People We Love
orking with the more than 900 businesses belonging to the Santa Fe Chamber of Commerce turns out to be more than a full-time job. On the day president and CEO Simon Brackley spoke with us, it was between meetings, networking events, and campaigns that began with breakfast and finished after dinner. Brackley was born in the United Kingdom and raised near Oxford. He moved to Los Angeles as an adult, where he worked in photography; but he found the hustle and bustle of the city to be exhausting. Soon, the slower tempo of Santa Fe beckoned. Between 1986 and 1998, Brackley worked for a number of small businesses in the Santa Fe area. Through these jobs, he learned what was happening with local retail stores, special events, and marketing, and became the natural choice to take a post as communications manager for the Chamber of Commerce. “My small-business background allows me to relate to the challenges and rewards that small businesses have here. I understand our members,” says Brackley, who has served as chief executive officer for the Chamber since 2005. In his time with the Chamber, Brackley is especially proud of fostering the unique diversity of the Santa Fe business community. “Our membership really reflects the United States—in terms of minorities, in terms of different ages, and in terms of different backgrounds and ethnicities,” he explains. Brackley is also enthused by the number of people who are able to run their small businesses from home, working in healthcare, finance, and design. “I think the future is bright,” says Brackley. “I think we’ve got great young creative people doing some wonderful things in technology and film and arts.”—Jason Strykowski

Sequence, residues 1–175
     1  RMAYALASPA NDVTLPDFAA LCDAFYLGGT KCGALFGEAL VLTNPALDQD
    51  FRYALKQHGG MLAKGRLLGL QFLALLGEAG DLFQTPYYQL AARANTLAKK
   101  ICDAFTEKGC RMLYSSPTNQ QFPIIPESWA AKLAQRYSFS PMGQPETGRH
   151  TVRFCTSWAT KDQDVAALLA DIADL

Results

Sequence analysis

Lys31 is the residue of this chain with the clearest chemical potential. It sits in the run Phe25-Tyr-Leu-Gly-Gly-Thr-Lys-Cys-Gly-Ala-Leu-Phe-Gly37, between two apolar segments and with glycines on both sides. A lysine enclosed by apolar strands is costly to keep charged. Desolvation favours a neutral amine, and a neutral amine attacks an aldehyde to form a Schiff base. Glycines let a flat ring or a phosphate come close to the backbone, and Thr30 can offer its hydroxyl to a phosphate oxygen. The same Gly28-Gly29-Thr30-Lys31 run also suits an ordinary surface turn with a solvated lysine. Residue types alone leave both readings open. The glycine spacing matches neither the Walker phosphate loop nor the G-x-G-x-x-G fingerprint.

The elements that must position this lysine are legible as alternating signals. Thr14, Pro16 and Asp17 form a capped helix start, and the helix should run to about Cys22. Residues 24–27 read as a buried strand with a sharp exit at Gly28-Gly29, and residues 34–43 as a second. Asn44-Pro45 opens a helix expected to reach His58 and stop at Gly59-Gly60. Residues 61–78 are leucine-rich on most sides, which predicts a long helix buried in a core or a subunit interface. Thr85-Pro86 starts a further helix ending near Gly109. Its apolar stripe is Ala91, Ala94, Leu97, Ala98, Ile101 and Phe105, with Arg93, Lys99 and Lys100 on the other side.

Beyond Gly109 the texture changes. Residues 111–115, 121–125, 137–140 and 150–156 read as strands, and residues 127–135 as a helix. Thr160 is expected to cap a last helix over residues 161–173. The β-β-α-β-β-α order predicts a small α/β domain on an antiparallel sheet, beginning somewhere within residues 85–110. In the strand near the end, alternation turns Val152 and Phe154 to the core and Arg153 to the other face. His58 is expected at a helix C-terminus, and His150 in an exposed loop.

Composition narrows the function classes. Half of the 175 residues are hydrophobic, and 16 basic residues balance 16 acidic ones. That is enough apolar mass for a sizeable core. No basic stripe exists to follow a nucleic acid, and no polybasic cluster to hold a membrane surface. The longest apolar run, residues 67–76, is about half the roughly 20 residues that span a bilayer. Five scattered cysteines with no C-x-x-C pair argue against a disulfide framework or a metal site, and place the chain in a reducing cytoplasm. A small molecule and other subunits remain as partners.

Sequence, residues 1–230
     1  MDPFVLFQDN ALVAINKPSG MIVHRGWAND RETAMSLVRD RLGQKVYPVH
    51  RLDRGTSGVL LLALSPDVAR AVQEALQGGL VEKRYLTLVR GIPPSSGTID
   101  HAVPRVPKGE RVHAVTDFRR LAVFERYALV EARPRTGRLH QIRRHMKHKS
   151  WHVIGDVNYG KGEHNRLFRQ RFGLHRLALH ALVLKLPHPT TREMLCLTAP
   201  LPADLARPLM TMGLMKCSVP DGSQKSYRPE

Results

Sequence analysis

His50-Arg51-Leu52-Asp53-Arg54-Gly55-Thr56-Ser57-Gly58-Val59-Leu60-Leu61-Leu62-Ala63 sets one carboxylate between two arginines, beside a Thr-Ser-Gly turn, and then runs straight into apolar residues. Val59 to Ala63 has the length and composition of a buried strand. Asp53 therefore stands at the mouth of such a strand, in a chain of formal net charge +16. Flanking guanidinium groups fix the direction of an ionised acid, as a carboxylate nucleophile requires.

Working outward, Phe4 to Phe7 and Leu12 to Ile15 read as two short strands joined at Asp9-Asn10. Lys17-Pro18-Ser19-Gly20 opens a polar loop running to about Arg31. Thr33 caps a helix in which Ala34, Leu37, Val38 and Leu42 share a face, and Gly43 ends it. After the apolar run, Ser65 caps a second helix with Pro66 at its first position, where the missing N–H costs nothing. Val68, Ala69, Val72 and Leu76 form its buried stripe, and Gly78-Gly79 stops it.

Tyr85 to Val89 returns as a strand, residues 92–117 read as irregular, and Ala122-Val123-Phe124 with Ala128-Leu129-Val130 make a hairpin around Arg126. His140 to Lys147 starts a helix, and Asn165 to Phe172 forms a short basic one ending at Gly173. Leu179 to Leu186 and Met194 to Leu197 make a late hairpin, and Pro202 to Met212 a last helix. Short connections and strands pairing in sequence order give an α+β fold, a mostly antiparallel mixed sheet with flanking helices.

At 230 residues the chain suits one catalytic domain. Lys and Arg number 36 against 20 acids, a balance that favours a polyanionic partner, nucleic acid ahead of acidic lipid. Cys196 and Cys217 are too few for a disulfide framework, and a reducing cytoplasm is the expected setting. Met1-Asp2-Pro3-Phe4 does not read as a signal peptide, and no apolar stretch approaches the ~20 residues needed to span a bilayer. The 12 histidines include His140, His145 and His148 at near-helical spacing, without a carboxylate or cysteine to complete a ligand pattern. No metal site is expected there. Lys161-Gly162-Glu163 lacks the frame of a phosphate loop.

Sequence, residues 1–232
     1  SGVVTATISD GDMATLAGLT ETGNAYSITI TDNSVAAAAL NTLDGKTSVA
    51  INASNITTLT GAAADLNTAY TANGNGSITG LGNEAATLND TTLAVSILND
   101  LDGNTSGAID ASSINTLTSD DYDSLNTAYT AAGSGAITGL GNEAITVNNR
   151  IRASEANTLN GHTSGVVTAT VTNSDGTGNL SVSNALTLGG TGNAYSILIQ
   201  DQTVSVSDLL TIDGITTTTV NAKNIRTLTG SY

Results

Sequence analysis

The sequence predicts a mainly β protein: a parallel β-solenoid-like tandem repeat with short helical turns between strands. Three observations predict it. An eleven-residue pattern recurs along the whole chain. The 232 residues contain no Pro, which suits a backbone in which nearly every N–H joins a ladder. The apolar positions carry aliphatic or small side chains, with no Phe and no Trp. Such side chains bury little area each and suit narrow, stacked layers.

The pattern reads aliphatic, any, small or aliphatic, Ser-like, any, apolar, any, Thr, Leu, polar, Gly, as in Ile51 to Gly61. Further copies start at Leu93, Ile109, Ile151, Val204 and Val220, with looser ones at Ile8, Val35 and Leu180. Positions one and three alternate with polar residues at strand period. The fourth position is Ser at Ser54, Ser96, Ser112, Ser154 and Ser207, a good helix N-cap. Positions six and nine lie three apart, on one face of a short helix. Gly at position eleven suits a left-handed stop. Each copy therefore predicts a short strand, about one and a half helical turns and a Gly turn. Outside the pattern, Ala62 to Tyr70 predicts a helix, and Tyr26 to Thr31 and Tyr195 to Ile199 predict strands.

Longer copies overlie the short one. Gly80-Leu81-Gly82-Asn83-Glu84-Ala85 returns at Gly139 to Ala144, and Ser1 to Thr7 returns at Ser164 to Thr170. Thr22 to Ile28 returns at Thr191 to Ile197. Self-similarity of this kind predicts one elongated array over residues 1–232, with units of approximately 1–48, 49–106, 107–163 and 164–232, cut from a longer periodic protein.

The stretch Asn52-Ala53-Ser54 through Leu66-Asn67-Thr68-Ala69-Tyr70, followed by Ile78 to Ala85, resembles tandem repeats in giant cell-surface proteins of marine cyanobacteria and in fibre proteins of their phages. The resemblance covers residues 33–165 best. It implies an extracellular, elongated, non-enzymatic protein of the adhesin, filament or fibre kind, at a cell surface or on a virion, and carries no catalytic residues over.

People We Love
douglas merriam douglas merriam
rt doesn’t have to be serious to be seriously good,” says Canyon Road Contemporary gallery owner Nancy Ouimet. “I want to have accessible art, but that doesn’t mean it’s not high-minded and conceptual.” Ouimet’s devotion to democratic art began in New York, where she was a graduate student at Pratt Institute. Today, she invites people to touch, pick up, and even kiss pieces from the 29 artists she represents in her light-filled space, all to invite a smile and break down the walls between audience and art—even for children. She walks the talk of a family-friendly gallery; after school, the single mother’s daughter and a flock of friends trundle up the gallery stairs to hang out. Ouimet has followed a sinuous route to becoming a gallerist. A champion trail runner, she observes that “Running is a spiritual passion,” and that she’s deeply affected by the feeling of communing with the mountains. “It helps me compose my thoughts and set my goals,” she explains. Ouimet regularly wins first place in her age category and recently won third place overall in the Valles Caldera Run. “I’m a rolling ball, not a straight arrow,” she remarks. She’s worked as an assistant for photographers at Life Magazine and National Geographic, as a presentation designer at Goldman Sachs, and as a producer of comic books at Marvel. After September 11, she left New York for Santa Fe, a place she’d visited only briefly, though felt connected to through its art and outdoor sensibilities. She bought and ran Casa Cuma Bed & Breakfast until 2006, then six years ago—in the midst of the recession—the risk-taker bought a gallery. “The only way to make it in Santa Fe is to make a bold move,” she says. She’s succeeded with gumption, tenacity, and community. “Competition can only distill the offering [Canyon Road] has. I want everyone to do well.”—Ashley M. Biggers april/may 2017
People We Love
“Bumble Bee” Bob Weil